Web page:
By John B. Manbeck
Special to The Brooklyn Eagle
On the foundation of the Marine Commandant’s residence, built in 1855 but empty for 75 years, a fabulous Brooklyn Navy Yard museum opened a year ago. Other miracles are scheduled there for the not too distant future.
Since three-quarters of the world’s surface is water, man learned to navigate on it before use of the wheel, steam power and jets. And because New York City is comprised of three major islands, nautical transportation assumed an early role here. In 1802, the newly created federal government understood this necessity and President John Adams ordered the purchase of a shipyard on the edge of Wallabout Bay in Vinegar Hill from John Jackson to create the New-York Naval Yard. “Can do,” replied the Navy.
Today, this base is more fondly remembered as the Brooklyn Navy Yard.
The importance of the Navy Yard — its history and its future — is wonderfully documented in the new Brooklyn Navy Yard History Museum in Building 32 at 63 Flushing Ave. and Carlton Street, which opened its doors on November 11, 2011. Free exhibits trace the history of the Navy Yard from the days of the native Lenapes to those of “Rosie The Riveter.”
Brooklyn, rich in lumber and manpower, was an apt location for building wooden warships when young America was still being threatened by Britain. After the War of 1812, the naval station continued to grow, commissioning its first vessel in 1819. The yard occupied an increasingly significant role in developing the importance of the cities of Brooklyn and New York to the new country.
In 1840, Matthew Perry, the new Commandant, introduced innovations such as the dry dock and the Naval Lyceum, an institution to promote knowledge through lectures with a library and collections. During the Civil War, the yard participated in the creation of iron-clad ships, notably The Monitor. An exhibit of an 1856 cannon represents that era. In 1889, the yard built the USS Maine whose explosion triggered the Spanish American War in 1898.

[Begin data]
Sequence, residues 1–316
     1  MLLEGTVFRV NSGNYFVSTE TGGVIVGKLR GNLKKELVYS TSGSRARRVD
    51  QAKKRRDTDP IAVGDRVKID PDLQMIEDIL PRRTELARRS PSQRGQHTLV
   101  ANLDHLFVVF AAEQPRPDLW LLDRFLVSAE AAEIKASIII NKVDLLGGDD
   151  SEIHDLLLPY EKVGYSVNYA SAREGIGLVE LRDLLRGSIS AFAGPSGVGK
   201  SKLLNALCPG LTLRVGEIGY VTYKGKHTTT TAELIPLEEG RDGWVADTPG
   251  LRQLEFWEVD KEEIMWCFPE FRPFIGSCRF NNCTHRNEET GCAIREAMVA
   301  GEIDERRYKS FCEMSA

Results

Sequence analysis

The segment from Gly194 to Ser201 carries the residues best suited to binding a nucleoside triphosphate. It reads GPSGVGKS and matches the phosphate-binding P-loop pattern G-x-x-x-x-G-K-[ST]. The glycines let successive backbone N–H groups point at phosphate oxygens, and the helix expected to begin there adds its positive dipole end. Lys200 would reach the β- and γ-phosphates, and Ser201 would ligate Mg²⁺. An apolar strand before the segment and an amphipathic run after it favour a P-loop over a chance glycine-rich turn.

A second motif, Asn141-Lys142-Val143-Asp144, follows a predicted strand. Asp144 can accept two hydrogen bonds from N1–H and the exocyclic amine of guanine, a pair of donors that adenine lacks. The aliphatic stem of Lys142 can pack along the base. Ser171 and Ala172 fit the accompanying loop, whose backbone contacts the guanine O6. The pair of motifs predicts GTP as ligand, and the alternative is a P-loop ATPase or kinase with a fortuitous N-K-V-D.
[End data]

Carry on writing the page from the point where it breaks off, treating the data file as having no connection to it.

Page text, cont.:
While Brooklyn, a borough after 1898, did not make significant naval history in World War I — primarily a land-based conflict — the yard more than made up for it during World War II when it produced major warships and converted liners to troop ships in record time. Over 71,000 workers followed a 24/7 schedule. The USS Arizona, which was sunk in Pearl Harbor starting the war in the Pacific and the USS Missouri, on which the peace with Japan was signed, both originated in the Brooklyn Navy Yard. The last World War II ship launched at the yard was the USS Kearsage in 1945.
The exhibits in the museum track this history with artifacts from the 18th century on with photographs, sketches, video displays and personal stories. The history unrolls in chronological order on three floors with a timeline, huge photographs and displays of naval vessels juxtaposed with personal stories of workers at the yard and notable individuals who contributed to its development. A newsreel from the World War II years contributed by the Brooklyn Historical Society traces the type of work completed at the time.
In 1965, the last ship, the USS Duluth, slid down the ways. Then, with an “Attention All Hands” announcement from the admiral, the Brooklyn Navy Yard was decommissioned in 1966 and turned over to the city. After constructing over 150 vessels, the days of the Navy Yard were over and it was doomed to be “trapped in a rust belt.”